If you are in charge of hiring cybersecurity professionals in your company and think that an alarming number of job candidates lack fundamental knowledge — and even more of them lack specialized knowledge — then you are not alone. In fact, you are in the overwhelming majority.

A new survey by research and training firm SANS has confirmed what you and other seasoned cybersecurity professionals have known for years: the cybersecurity skills shortage is a colossal crater that is growing larger by the day.

About the Survey

The SANS survey asked over 500 cybersecurity professionals working in 284 companies to identify the cybersecurity skills they find most important in job candidates. The top core competencies were:

  • Networking
  • Windows
  • Linux
  • Common Exploitation Techniques
  • Computer Architectures and Virtualization
  • Data and Cryptography
  • Programming

Based on this list, the survey asked respondents to reveal the percent of job candidates who were unable to perform basic cybersecurity tasks, and the percent of job candidates who failed to demonstrate hands-on mastery.

Percent of Job Candidates Unable to Perform Basic Cybersecurity Tasks

  • Common Exploitation Techniques: 66%
  • Computer Architectures and Virtualization: 47%
  • Networking: 46%
  • Linux: 40%
  • Programming: 32%
  • Data and Cryptography: 30%

Percent of Job Candidates Unable to Demonstrate Hands-On Mastery

  • Data and Cryptography: 98%
  • Networking: 96%
  • Common Exploitation Techniques: 95.5%
  • Linux: 86%
  • Programming: 89.5%
  • Computer Architectures and Virtualization: 87.5%

It Truly Is a SKILLS Problem

The most illuminating aspect of this survey is that merely “throwing bodies” at the problem will not solve it — because the problem is not a matter of availability or interest. There are many people who eagerly want to get a job in the cybersecurity field. And why not? It pays well (and in some cases very well!), there are many challenges and opportunities to grow, and it can be very rewarding and fulfilling. Oh, and let’s not forget a little thing called ironclad job security (although as Devolutions’ VIP user Francois Fournier wisely pointed out in an article, sometimes being indispensable is a liability instead of an asset!).

So yes, there are plenty of job candidates out there who want to work in the cybersecurity field. But as the survey has shown, there are precious few qualified candidates who can hit the ground running and make an immediate contribution. In other words, it is not a people problem, but rather a SKILLED people problem.

Filling the Gap

And so, how should we go about filling the gap so that more people who apply for cybersecurity jobs have the fundamental and specialized skills they need? There is no easy answer or quick fix to this critically important question. However, Brian Krebs over at his must-read blog KrebsOnSecurity, has a few tips for aspiring cybersecurity professionals:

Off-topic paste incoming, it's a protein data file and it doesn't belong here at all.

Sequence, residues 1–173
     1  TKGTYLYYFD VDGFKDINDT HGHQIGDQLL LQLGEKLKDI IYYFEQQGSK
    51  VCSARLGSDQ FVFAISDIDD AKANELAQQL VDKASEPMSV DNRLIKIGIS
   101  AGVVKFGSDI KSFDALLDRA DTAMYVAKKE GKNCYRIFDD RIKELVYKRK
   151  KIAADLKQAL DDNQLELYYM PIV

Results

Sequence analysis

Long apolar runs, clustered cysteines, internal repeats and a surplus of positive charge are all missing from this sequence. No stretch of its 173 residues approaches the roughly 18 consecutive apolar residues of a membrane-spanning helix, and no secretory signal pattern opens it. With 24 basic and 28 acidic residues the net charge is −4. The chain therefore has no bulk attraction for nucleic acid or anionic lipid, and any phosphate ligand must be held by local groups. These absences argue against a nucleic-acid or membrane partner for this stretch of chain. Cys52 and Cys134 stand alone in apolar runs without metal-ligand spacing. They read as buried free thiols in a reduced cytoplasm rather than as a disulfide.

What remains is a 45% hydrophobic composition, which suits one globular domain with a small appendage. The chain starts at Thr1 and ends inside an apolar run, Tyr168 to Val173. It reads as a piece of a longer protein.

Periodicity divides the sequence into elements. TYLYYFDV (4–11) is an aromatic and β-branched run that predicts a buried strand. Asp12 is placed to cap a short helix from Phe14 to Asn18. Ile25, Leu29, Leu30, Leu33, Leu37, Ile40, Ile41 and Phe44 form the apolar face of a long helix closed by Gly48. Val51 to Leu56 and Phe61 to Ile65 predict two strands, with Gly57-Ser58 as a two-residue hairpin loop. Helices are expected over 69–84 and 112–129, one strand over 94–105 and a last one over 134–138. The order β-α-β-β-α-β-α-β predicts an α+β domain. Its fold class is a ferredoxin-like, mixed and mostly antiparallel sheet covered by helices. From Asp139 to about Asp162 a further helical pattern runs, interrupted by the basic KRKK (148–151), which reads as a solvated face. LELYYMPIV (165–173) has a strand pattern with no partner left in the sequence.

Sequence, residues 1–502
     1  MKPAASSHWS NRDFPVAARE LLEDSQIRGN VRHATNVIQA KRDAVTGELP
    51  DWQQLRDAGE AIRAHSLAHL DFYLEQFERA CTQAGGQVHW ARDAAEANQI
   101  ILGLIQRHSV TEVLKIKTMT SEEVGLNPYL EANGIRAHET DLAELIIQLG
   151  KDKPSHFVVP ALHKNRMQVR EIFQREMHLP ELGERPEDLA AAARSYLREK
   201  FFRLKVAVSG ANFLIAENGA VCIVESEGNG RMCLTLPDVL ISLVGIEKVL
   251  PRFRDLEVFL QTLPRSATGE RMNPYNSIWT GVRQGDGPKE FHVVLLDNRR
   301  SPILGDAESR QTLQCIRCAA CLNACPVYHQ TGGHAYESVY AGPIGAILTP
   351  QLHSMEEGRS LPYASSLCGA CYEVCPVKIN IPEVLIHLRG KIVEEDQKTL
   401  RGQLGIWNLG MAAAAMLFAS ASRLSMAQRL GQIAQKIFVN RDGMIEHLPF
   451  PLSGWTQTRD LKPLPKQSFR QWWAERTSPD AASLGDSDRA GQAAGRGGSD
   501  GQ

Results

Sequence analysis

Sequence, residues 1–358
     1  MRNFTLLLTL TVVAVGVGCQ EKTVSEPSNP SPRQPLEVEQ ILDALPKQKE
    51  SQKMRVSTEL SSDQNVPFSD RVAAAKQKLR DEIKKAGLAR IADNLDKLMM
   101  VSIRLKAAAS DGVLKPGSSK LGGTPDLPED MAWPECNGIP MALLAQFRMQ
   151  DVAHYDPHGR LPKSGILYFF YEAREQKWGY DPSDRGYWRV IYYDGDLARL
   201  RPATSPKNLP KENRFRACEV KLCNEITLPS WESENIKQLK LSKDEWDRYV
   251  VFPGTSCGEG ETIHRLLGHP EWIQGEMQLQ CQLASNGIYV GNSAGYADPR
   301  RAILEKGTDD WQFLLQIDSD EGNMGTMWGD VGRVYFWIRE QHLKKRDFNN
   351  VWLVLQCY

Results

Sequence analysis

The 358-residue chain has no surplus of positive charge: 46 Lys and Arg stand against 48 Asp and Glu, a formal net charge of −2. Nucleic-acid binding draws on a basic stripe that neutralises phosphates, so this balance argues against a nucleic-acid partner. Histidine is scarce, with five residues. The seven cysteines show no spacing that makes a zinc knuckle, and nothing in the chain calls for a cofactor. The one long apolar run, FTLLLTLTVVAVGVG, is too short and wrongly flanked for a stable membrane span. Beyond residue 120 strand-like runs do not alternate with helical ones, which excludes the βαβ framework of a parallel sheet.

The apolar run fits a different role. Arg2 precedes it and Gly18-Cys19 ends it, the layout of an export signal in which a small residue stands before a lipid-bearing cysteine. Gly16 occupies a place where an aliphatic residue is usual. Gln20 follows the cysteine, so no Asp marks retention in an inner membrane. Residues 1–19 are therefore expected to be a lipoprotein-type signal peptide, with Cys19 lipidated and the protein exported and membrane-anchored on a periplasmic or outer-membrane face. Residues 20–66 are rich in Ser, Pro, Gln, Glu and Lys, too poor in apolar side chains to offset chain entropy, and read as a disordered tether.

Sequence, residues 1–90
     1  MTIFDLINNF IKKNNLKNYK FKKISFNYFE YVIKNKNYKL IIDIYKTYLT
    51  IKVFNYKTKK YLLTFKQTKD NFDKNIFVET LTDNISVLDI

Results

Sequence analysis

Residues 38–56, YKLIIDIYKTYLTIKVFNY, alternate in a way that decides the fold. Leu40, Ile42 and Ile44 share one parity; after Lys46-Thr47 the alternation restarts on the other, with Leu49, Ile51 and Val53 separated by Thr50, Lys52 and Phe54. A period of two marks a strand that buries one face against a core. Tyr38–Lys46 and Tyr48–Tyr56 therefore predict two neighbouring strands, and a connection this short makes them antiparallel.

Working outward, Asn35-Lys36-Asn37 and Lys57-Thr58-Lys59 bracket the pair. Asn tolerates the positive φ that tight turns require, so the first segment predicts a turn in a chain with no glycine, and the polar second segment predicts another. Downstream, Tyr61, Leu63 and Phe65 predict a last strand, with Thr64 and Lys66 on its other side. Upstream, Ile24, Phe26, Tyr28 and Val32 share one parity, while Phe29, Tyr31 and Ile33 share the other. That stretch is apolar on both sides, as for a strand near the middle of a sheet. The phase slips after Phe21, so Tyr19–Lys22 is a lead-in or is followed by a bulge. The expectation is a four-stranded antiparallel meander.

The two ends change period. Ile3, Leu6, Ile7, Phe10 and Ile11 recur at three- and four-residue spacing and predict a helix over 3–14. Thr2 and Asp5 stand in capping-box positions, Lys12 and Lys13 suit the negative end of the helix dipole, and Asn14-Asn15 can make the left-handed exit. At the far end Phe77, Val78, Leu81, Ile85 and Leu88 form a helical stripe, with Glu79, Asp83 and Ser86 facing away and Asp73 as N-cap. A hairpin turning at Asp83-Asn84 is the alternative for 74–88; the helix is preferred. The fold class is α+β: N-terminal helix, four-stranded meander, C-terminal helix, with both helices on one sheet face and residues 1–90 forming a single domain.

• Do not sit back and expect your employer to give you structured training like an interning doctor or articling lawyer. Get practical experience and learn by doing through setting up hacking labs, taking advantage of resources like purpose-built exploitation toolkits, and accessing a wide variety of online tutorials and videos.
  • Do not underestimate the value of learning how to program. It will not only make you more attractive to potential employers, but it will also help you expand your knowledge as your career grows and you start to specialize. If the idea of learning how to code fills you with anxiety, then start with something relatively easy and familiar like basic command line tools on Linux.
  • Get involved with other cybersecurity professionals through meetups, user groups, conferences, online forums, and so on. Do not hesitate to reach out for guidance. You will be pleasantly surprised at how willing most experienced cybersecurity professionals are to help. Just be patient, respectful, and humble — and then when you become a cybersecurity guru down the road, remember to pay it forward by guiding and mentoring newbies.

What’s Your View?

Please share your experience of hiring and/or managing cybersecurity professionals. Have you been blessed with capable and intelligent staff? Or has your experience been more like those who participated in the survey — i.e. you said to yourself, “wow, this person is nice, but they really don’t know enough about cybersecurity to work in the field!”

Also, what advice would you give to aspiring cybersecurity professionals? Are there any certifications or courses they should pursue? Any wisdom or warnings they should heed?